When the Professor and I were dating, his younger brother, Junior, had a series of girlfriends.  Junior was edgy, creative, hilarious.  I think he was searching for something -- someone -- lighter than himself.  Every year at Christmas, he brought one home with him, and every year, his mother had a stocking for the girl, one with her name embroidered on it.  Every year, there was a new stocking, a new name.  I don't know what happened to the old ones.  Maybe they were tossed in the attic, gathering dust.  Maybe they were thrown out.

I still think of the Professor's mom as my mother-in-law.  She hasn't acknowledged me once since the Professor told her that he wanted a divorce.  Neither has Junior.  Not once.  You would think that I was a serial killer, or a serial cheater.  You woud think that I left him. But maybe they hated me all those years.  Maybe they breathed a sigh of relief, followed by many more sighs and much more relief, when the Professor actually left me.  But I didn't breath a sigh of relief when I lost them.  To me, that is what it was. And is.  Loss.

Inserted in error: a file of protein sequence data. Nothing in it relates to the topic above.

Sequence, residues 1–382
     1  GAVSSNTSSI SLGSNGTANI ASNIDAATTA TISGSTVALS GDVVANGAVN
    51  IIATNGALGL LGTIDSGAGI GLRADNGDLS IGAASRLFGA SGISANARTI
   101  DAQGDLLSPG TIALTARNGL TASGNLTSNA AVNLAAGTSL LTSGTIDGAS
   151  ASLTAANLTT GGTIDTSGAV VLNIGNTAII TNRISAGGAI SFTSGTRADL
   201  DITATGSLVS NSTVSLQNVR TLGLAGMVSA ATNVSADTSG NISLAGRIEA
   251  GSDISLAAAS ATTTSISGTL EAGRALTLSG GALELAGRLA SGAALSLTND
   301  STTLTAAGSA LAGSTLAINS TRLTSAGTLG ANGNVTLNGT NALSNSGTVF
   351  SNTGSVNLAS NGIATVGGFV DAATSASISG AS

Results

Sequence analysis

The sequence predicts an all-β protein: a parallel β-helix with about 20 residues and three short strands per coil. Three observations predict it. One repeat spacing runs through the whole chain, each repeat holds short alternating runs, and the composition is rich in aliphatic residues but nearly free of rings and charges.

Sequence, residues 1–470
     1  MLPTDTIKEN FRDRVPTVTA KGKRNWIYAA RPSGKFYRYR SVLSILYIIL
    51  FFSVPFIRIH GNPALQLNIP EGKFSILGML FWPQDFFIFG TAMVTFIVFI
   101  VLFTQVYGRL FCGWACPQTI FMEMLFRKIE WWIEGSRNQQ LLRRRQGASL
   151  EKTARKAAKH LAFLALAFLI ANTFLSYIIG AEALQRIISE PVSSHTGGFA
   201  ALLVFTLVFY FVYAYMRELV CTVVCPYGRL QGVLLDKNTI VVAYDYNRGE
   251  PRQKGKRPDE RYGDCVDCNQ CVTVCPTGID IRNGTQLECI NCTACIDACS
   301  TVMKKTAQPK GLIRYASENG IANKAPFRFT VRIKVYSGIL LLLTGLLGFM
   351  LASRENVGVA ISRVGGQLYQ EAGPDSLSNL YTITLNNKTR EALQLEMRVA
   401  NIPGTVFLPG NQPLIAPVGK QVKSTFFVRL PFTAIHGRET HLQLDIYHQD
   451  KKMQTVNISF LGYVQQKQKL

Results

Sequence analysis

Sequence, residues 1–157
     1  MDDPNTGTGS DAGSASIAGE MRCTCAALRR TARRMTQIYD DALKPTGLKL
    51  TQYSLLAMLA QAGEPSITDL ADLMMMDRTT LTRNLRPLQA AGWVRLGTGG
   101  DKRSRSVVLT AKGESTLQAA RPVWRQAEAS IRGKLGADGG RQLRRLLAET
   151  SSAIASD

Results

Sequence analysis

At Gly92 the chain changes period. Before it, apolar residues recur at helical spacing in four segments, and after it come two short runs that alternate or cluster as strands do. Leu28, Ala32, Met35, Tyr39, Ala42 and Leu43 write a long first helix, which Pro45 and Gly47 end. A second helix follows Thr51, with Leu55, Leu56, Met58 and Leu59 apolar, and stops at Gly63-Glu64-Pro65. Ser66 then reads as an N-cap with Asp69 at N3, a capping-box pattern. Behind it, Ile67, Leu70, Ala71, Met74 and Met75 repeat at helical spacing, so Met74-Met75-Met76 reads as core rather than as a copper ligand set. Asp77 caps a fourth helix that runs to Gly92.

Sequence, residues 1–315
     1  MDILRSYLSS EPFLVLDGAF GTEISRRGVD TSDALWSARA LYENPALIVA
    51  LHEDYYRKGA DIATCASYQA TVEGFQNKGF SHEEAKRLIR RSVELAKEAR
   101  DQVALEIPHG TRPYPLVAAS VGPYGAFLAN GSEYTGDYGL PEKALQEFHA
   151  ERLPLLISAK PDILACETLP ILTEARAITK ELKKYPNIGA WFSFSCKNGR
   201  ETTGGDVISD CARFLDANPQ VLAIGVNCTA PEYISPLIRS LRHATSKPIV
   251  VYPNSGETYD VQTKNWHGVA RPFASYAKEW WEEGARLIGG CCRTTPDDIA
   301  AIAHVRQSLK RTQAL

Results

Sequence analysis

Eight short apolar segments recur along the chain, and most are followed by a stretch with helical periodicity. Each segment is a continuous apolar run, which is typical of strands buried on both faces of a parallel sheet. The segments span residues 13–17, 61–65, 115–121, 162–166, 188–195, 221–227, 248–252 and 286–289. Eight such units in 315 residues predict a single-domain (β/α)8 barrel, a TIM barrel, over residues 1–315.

I wanted to tell someone a story the other day, and it started with the Professor's father.  I opened my mouth to speak, and realized I didn't know what to call him.  My ex-father-in-law?  He died before the Professor left me, and so that didn't seem right.   And I had loved him, and I thought that he at least liked something in me, some fire he saw, however much he worried it would burn out his son.  I couldn't tell my story, because I couldn't figure out the words around that.  So I started, and stumbled, and thought of the Professor and his family, which had been my family.  And I found that I couldn't think of anything else, so I stopped talking.  There was simply no way to begin that felt adequate.